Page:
4
$\begingroup$

We say that and encryption scheme $\pi$ is perfectly secret for two distinct messages, if for all distributions over $\mathcal{M}\times\mathcal{M}$ ($\mathcal{M}$ is the message space), for all $m_1,m_2\in\mathcal{M}$ such that $ m_1\ne m_2$ and all $c_1,c_2\in\mathcal{C}$ (where $\mathcal{C}$ is the cypher text space) such that $\text{Pr}[C_1=c_1\wedge C_2=c_2]>0$ then $$\text{Pr}[M_1=m_1\wedge M_2=m_2|C_1=c_1\wedge C_2=c_2]=\text{Pr}[M_1=m_1\wedge M_2=m_2]$$

I am trying to come up with an encryption scheme that satisfies this definition. So far this is what I have come up with

Say $\mathcal{M}=\{0,1\}^l, \mathcal{K}=\{(0,1),(1,0),(0,0),(1,1)\}^l, \mathcal{C}=\{0,1\}^l$

$k\leftarrow\text{Gen}(\mathcal{K})$

Now let $m_i$ denote the $i^{th}$ bit of $m$.

Let $c_i$ denote the $i^{th}$ bit of $c$.

And let $k_{il}$ denote the $l$ bit of the $i^{th}$ pair in $k$ and (l=0 for the first, l=1 for the second)

$\text{Enc}_k(m):$ For all $m_i$ in $m$ (iterating through bits)

if $m_i=0$: $ c_i=m_i \oplus k_{i0}$

else: $c_i=m_i \oplus k_{i1}$

Return $c$

$\text{Dec}_k(c)$: For all $c_i$ in $c$ (iterating through the bits of $c$)

if $c_i=1$: $m_i=m_i \oplus k_{i0}$

else: $m_i=c_i \oplus k_{i1}$

Return $m$

Does this work? I feel like it should because essentially what we've done is essentially create a key that can perform a one-time pad twice safely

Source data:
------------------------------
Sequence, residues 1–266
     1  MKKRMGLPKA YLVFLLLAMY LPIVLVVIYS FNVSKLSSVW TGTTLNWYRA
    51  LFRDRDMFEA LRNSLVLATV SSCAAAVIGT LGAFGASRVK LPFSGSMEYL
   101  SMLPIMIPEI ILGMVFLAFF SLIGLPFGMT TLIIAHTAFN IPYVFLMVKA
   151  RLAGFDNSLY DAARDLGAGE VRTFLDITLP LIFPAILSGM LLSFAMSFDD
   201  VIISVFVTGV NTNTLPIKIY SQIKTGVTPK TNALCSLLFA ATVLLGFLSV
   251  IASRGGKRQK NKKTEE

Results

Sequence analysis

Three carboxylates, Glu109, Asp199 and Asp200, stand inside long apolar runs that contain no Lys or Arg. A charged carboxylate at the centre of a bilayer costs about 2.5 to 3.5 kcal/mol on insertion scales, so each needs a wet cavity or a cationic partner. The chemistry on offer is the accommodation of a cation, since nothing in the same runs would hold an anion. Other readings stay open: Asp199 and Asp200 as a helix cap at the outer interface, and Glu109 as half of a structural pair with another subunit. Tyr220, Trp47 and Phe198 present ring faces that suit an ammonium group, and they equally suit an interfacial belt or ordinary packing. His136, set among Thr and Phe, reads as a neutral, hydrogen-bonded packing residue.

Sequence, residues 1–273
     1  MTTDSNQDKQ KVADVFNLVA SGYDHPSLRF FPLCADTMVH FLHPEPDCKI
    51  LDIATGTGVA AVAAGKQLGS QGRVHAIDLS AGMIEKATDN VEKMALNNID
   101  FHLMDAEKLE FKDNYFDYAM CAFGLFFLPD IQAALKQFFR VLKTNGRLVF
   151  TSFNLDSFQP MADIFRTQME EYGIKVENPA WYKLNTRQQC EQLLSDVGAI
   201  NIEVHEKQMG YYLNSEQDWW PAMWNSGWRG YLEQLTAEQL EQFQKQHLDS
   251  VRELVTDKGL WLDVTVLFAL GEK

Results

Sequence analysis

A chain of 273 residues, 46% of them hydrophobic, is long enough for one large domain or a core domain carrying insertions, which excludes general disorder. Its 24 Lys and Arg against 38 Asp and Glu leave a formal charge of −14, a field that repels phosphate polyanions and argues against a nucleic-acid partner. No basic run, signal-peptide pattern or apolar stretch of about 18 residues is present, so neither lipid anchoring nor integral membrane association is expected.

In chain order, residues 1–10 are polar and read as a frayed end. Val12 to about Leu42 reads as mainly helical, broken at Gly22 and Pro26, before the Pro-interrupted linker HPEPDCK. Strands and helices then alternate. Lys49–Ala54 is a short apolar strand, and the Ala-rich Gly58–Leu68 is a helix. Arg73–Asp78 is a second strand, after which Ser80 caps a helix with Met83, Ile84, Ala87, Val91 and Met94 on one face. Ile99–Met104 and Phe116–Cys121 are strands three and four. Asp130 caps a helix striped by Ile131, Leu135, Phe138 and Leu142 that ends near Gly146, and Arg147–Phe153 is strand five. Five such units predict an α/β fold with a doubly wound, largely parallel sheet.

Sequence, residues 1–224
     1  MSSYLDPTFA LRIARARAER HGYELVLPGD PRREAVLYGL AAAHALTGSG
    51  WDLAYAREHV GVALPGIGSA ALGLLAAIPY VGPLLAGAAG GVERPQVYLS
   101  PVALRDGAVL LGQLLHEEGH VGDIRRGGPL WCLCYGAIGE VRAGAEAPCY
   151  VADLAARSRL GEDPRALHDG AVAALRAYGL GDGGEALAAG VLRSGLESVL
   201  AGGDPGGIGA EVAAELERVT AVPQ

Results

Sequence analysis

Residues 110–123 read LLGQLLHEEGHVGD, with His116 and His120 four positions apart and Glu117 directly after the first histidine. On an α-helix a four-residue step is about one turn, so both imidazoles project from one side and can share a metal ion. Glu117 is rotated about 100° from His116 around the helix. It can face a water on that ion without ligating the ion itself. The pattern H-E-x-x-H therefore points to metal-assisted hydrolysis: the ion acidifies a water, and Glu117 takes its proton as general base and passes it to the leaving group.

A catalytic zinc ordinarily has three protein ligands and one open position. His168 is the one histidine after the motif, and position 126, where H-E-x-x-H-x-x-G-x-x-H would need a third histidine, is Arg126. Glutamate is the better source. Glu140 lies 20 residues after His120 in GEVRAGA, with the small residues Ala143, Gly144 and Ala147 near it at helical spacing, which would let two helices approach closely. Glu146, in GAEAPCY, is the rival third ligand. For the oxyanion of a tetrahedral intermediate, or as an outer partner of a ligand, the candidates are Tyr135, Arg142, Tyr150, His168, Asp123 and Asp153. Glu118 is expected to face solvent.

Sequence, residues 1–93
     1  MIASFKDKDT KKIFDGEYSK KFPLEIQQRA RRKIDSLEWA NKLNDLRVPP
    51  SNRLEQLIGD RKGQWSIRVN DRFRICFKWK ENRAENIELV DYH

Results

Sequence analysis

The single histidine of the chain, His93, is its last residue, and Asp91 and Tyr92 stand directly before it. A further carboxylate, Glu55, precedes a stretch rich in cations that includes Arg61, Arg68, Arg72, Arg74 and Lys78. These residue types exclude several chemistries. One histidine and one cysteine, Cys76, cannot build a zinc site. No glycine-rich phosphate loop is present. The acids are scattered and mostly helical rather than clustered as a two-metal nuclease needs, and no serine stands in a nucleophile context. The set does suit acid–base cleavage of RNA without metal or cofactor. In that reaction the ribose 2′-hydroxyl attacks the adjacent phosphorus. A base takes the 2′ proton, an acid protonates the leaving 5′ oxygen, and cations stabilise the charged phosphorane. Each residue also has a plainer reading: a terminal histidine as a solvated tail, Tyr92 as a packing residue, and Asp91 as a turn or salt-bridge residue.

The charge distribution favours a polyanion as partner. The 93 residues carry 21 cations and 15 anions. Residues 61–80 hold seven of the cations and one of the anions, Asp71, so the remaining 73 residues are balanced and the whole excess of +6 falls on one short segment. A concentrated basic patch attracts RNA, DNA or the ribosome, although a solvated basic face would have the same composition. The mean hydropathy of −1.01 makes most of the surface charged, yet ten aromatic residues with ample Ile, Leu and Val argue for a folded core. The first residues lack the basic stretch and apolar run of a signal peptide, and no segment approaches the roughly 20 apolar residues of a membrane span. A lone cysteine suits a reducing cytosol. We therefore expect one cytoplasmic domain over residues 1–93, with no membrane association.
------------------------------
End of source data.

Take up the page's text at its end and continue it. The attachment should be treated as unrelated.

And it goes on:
$\endgroup$
3
$\begingroup$

Let $m_i := 0$ and $k_i := \langle 0, 1 \rangle$. Then $c_i = Enc_{k_i}(m_i) = m_i \oplus k_{i0} = 0\ \oplus\ 0 = 0$. But then $m'_i = Dec_{k_i}(c_i) = c_i \oplus k_{i1} = 0\ \oplus\ 1 = 1$, and we have $m_i \neq m'_i$. The same holds for $m_i := 1$ and $k_i := \langle 1, 0 \rangle$. So your encryption scheme might give perfect secrecy, but it does not allow you to decrypt the message.

This is because your encryption scheme effectively loses information from the message when encrypting with a key of $k_i = \langle 0, 1 \rangle$ or $k_i = \langle 1, 0 \rangle$, and for these keys the ciphertext $c_i$ is solely determined by the key:

$Enc_{\langle 0, 1 \rangle}(0) = 0\ \oplus\ 0 = 0\\ Enc_{\langle 0, 1 \rangle}(1) = 1\ \oplus\ 1 = 0\\ Enc_{\langle 1, 0 \rangle}(0) = 0\ \oplus\ 1 = 1\\ Enc_{\langle 1, 0 \rangle}(1) = 1\ \oplus\ 0 = 1$

If you reduce the keyspace to $\mathcal{K} = \{\langle 0, 0 \rangle, \langle 1, 1 \rangle\}^l$ you effectively have a regular one-time pad.

$\endgroup$
0
$\begingroup$

Basically, if your key $k$ is the same size as the two messages combined, and if each bit of the two messages is encrypted completely independent of each other (with XOR) then you have a one-time-pad. I guess you can easily proof that the (first) value of $k_{xy}$ is independent of $y$. In that case you seem to have a one-time-pad.

Your scheme presumes two messages of the same size, it seems. That's OK, but it is something worth noting.

$\endgroup$

Your Answer

By clicking “Post Your Answer”, you agree to our terms of service, privacy policy and cookie policy

Not the answer you're looking for? Browse other questions tagged or ask your own question.